Predictor of Return to Work after Lumbar Discectomy

Meeting Highlight from the 31st Annual Meeting of the Section on Disorders of the Spine and Peripheral Nerve—Spine Summit 2015

Koi Duc Than, MD presented, How to Predict Return to Work after Lumbar Discectomy: Answers from the NeuroPoint-SD Registry during the 31st Annual Meeting of the Section on Disorders of the Spine and Peripheral Nerves—Spine Summit 2015.

Worker in a yellow hard hat“As well understood by this audience, lumbar disc herniation and concordant radiculopathy is a very common condition affecting approximately 5% of the population at any given time. In this country alone, more than 300,000 lumbar discectomies are performed each year making it the most common procedure done by neurosurgeons and orthopedic spine surgeons,” Dr. Than stated. Despite the number of discectomies performed, little is known about factors that predict whether or when patients can return to work following surgery. Predicting return to work can be important in analyzing a surgical procedure’s cost effectiveness.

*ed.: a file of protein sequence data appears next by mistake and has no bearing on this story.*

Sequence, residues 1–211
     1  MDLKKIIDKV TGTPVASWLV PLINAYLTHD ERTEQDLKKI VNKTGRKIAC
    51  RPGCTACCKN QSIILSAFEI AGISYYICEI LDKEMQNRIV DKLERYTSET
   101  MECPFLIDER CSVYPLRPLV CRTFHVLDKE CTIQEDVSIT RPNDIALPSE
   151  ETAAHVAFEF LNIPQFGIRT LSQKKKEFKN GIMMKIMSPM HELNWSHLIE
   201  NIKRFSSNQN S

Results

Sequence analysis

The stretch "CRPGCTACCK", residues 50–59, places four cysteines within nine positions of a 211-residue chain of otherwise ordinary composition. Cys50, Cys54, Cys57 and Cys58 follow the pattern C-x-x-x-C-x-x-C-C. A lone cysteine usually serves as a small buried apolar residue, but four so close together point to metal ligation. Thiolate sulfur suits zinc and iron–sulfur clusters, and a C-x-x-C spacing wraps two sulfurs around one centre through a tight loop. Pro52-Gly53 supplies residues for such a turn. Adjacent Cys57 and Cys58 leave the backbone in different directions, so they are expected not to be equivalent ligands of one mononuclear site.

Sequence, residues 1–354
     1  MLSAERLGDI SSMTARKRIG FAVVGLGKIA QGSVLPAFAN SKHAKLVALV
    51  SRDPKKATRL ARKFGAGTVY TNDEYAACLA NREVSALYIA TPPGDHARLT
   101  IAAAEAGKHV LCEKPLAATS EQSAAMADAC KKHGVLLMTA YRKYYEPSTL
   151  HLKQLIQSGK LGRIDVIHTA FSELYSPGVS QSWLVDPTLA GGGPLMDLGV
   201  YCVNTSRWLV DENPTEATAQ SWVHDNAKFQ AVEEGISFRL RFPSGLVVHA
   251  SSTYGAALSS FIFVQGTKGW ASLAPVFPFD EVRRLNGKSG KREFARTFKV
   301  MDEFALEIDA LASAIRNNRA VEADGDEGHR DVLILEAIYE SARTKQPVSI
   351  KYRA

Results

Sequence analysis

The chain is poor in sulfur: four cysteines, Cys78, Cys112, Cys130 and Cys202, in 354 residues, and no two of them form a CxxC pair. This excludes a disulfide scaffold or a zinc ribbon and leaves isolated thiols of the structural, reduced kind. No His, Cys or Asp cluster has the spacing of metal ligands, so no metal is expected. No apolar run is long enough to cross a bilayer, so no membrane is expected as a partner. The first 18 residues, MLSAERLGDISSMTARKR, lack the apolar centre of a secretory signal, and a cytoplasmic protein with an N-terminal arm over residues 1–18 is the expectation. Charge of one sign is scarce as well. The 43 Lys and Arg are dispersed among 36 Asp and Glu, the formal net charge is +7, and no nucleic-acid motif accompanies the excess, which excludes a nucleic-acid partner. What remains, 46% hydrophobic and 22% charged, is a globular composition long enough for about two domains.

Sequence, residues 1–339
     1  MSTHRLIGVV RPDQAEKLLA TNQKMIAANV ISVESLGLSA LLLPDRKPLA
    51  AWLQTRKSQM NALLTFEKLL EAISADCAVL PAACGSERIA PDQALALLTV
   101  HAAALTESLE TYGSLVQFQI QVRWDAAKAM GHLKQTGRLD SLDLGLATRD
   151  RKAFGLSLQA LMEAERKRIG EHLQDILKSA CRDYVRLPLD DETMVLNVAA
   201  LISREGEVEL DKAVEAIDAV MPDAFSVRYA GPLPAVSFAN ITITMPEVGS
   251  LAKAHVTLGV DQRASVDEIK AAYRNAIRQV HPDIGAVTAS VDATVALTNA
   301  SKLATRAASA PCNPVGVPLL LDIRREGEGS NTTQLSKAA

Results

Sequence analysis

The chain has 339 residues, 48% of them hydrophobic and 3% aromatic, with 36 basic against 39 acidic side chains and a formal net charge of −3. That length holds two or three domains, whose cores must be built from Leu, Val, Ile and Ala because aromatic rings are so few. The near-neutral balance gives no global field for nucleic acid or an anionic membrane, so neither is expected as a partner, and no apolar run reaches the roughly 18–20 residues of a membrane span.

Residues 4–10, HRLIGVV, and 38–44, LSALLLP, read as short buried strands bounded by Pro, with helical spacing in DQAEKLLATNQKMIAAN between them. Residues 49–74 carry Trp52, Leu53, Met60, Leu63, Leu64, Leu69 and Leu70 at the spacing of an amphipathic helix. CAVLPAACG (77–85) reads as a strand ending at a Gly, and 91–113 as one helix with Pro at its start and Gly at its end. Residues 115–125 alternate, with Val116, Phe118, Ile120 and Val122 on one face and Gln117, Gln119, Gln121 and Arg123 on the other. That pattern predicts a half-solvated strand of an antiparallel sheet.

NeuroPoint-SD refers to Neurosurgery Patient Outcomes in Treating Spinal Disorders. It is a prospective, observational cohort registry at 13 academic and community sites. The study involved patients with single-level disc herniation who underwent single-level discectomy. The study focused on whether patients were working three months after surgery.

Patient Variables Assessed

  • Age
  • Gender
  • Body mass index (BMI)
  • SF-36
  • Oswestry Disability Index (ODI) score
  • Diabetes
  • Systemic illness
  • Smoking status
  • Workers’ compensation status
  • Preoperative work status

Dr. Than et al utilized a stepwise logistic regression analysis to identify which of these variables were predictors of return to work.

Of 148 lumbar discectomy patients in the registry, 127 were available for analysis at three months.

  • Average work time lost: 67 days
  • Two-thirds of the patients were working three months after surgery.

Patient findings at three months postop:

  • Younger (44.5 years vs 50.5 years, P=0.0008)
  • Males (55.3% vs 28.6%, P=0.05)
  • Higher baseline SF-36 physical function (44.0 vs 30.3, P=0.02)
  • Lower baseline ODI (43.8 vs 52.6, P=0.01)
  • Non-smokers (83.5% vs 66.7%, P=0.03)
  • Working prior to lumbar discectomy (105 patients)

Dr. Than stated, “Looking only at patients working before surgery, it seemed that younger patients were those more likely to return to work, and this held true after logistic regression.”

Updated on: 02/21/17
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